CA Technologies is launching a search to replace chief executive Bill McCracken, who took over the software maker after the recession and oversaw a period of robust profits.
CA, Long Island's largest public company by stock market value, plans to enlist an executive-search firm to replace McCracken, 69, who has been chief executive since January 2010. Company officials expect him to remain at the helm at least until his contract expires in March, a person familiar with the situation said.
In a statement, the company said, "As you would expect from any public company, CA Technologies Board of Directors and Bill McCracken are engaged in a succession planning process in which internal and external candidates will be reviewed."
McCracken had been serving as CA's board chairman when he replaced the company's previous chief executive, John A. Swainson, who was hired in 2004 to restore the company's reputation after an accounting scandal.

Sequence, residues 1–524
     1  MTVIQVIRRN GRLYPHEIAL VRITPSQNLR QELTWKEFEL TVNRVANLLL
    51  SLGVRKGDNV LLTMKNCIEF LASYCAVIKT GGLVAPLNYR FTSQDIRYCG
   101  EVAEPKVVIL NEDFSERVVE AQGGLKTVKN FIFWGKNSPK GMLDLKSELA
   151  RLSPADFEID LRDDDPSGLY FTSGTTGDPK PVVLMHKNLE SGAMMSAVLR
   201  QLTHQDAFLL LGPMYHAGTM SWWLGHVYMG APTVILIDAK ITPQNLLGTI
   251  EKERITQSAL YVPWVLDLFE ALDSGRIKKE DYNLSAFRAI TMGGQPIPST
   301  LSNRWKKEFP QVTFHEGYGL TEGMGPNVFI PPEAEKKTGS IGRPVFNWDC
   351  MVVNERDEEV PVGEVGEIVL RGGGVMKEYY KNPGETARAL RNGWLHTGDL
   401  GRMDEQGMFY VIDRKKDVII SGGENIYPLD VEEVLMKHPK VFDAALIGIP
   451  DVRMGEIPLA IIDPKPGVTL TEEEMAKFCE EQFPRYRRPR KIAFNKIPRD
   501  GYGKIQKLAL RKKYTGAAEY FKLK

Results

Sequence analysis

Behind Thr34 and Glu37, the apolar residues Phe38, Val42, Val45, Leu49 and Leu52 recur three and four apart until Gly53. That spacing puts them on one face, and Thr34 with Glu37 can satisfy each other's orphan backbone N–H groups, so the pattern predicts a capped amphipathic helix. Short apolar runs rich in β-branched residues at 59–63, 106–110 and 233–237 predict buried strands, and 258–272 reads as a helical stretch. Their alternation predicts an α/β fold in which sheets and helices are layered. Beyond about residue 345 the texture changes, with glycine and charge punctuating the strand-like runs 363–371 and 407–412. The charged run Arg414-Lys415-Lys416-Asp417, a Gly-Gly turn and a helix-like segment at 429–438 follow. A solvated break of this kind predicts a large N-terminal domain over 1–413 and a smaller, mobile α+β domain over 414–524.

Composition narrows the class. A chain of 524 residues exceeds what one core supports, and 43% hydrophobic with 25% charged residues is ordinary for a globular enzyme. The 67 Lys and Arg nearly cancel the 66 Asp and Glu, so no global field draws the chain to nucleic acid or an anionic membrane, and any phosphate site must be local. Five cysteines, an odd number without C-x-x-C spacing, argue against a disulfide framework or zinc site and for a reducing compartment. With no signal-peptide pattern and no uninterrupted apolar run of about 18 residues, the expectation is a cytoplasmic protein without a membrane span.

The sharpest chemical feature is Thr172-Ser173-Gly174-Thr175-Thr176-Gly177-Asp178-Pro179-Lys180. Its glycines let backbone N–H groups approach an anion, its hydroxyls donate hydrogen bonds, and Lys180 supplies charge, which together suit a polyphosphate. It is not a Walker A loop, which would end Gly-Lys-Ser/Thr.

Despite the leaden economy, McCracken has steered CA to rising profits during his 29 months at the wheel. Net income at the company has jumped 23 percent, to $951 million, between March 2010 and 2012. Sales have climbed 13.9 percent, to $4.8 billion.
McCracken, who lives in Warren, N.J., was paid $8 million for the year ended March 2011. He spent the bulk of his career, 36 years, at IBM.
CA, based in Islandia, has about 1,525 employees on Long Island and close to 14,000 employees worldwide, including in Silicon Valley, India and Korea. It sells software to large corporations, including programs to run mainframe computers and manage cybersecurity.
The company's recent growth has stemmed in part from buying a string of smaller technology businesses, including Interactive TKO Inc., a Texas company it bought in August for $317 million.
CA has expanded its customer base, meanwhile, by pushing into markets in Asia and Latin America. The company derived 62 percent of its revenue from North America during 2011; 38 percent came from international sales.
The total value of CA's shares is $12.05 billion. News of the executive search was reported by The Wall Street Journal after the stock market's close. CA's shares rose 1 cent in late trading.
The company was incorporated in 1974 and went public in 1981. It was named Computer Associates until 2006, when it changed its name in the wake of the accounting scandal, which led to a 12-year federal prison sentence for the company's former chief executive, Sanjay Kumar.